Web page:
Washing Clothes on the Road – How To

Washing Clothes on the Road: or the hotel sink is your best friend

What do you do when you have a flight scheduled for a business trip or a vacation and you do not want to carry check-in baggage?  First of all I try not to check baggage unless it is absolutely necessary.  Even for extended vacation stays you can get away with carry on baggage alone.  Bring one backpack that will fit all of your clothes and miscellaneous items and one laptop/briefcase bag for your electronics.  Following is my list of clothing I bring on all but the most extended trips:

  • Four pair light weight underwear (wearing one)
  • Four pair socks (wearing one pair)
  • Two button up shirts (wearing one)
  • Two T-shirts
  • Two pair pants (wearing one)
  • Travel Towel
  • One jacket (windbreaker or fleece depending on season)
  • One pair shoes hiking or sneakers based on preference (wearing)

If your trip requires formal attire either for business or dining a check-in bag will be necessary.  I put all of my reading material and toiletries in my laptop bag for easy access and I am sure to have on my person my passport and wallet at all times.  Zipped cargo pants or a money belt is highly recommended.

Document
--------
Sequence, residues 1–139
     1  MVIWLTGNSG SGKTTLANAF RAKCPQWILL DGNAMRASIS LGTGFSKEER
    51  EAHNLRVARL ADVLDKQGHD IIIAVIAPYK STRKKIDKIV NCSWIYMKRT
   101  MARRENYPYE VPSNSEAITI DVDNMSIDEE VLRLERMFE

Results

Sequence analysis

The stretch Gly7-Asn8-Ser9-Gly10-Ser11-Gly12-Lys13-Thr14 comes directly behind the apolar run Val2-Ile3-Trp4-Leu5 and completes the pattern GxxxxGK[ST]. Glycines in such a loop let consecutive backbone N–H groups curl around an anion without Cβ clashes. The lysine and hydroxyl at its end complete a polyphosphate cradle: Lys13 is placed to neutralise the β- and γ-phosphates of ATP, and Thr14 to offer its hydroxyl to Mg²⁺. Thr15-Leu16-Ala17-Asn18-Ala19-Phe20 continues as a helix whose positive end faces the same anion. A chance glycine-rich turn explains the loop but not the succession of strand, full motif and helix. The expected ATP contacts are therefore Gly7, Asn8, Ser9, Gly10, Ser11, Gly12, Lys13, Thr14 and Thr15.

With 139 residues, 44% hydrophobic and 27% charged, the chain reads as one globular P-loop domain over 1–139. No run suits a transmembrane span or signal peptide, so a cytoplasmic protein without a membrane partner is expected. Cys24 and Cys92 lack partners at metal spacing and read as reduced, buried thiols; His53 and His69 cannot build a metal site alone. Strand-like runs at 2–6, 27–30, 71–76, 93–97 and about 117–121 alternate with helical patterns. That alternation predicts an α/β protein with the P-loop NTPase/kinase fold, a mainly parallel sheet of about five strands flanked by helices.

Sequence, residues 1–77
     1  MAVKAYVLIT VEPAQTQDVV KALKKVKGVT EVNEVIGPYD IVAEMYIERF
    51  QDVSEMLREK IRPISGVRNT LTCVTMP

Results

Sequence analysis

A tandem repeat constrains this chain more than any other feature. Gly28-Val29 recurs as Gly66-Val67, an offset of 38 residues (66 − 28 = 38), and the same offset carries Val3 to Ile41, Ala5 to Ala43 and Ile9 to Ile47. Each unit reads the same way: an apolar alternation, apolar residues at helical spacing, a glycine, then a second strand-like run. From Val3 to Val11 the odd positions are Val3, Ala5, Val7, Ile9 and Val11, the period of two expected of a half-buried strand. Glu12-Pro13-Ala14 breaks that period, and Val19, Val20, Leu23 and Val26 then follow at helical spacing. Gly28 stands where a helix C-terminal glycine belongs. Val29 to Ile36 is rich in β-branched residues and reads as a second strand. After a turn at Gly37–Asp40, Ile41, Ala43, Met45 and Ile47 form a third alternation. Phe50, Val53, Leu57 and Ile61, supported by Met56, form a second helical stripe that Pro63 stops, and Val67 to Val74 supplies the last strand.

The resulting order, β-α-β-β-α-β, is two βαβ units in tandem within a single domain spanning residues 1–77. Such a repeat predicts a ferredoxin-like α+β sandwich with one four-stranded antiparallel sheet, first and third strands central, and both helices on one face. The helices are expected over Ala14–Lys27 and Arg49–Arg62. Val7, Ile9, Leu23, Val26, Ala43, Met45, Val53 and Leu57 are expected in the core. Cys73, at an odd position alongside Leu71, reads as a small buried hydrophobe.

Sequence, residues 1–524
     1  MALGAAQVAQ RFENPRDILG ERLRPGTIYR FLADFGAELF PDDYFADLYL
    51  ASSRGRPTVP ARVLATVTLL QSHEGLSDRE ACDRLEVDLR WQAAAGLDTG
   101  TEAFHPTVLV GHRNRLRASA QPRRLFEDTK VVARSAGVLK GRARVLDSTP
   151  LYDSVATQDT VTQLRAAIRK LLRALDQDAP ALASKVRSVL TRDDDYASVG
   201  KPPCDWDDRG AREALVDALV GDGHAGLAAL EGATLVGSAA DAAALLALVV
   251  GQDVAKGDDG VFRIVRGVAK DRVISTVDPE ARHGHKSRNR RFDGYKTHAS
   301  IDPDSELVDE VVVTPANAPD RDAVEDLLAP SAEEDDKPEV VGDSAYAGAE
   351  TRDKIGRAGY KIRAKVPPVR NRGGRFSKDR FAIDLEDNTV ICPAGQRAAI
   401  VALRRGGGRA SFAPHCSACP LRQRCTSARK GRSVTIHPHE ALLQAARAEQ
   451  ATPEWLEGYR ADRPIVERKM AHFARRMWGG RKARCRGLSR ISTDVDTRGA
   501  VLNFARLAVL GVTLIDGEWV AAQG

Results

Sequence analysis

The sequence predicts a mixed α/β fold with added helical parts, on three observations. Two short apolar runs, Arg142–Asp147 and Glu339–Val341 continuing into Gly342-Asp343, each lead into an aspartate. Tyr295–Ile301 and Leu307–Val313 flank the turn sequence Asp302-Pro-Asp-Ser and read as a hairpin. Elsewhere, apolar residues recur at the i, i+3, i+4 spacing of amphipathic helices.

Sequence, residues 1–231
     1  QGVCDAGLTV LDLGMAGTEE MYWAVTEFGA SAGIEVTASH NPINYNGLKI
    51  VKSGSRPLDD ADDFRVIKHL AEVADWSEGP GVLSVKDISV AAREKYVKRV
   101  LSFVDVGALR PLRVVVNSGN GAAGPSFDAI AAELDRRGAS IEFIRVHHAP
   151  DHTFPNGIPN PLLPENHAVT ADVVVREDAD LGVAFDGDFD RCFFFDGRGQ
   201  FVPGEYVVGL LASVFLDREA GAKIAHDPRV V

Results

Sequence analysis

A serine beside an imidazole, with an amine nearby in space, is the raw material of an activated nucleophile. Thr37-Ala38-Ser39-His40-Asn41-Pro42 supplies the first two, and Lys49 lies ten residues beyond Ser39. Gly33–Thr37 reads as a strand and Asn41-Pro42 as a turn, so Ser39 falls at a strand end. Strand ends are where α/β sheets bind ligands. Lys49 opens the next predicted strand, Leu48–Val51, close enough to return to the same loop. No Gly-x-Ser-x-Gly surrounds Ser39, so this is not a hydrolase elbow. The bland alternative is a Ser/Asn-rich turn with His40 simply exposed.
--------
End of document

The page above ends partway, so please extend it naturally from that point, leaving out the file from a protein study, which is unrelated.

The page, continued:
You will want to change your underwear and socks every day and your shirt every other day depending on the heat.  If you have a two day layover the washing routine is very easy if you are in the hotel for only one night it is more difficult.  If possible put dirty clothes in a plastic bag that you bring with you until you get a longer time frame to work with.  You should routinely bring large capacity zip lock bags on every trip.  You will also need to carry a small amount of laundry detergent with you in a smaller zip lock bag.  When convenient use either the large zip lock or the hotel sink to soak your clothes in warm soapy water.  After scrubbing the clothes with your hands for several minutes let sit in the warm water and then scrub again.  After about 20 minutes rinse the clothing with fresh water.  Twist the clothing as much as you can to get as much water as possible out.  Take the still damp clothing, place it in a dry hotel towel and roll the towel into a cylinder as tight as possible.  The dry towel will absorb even more moisture.  Remove the damp clothing and hang in an airy location in the hotel room.  By morning your clothes should be clean and fresh albeit slightly wrinkled.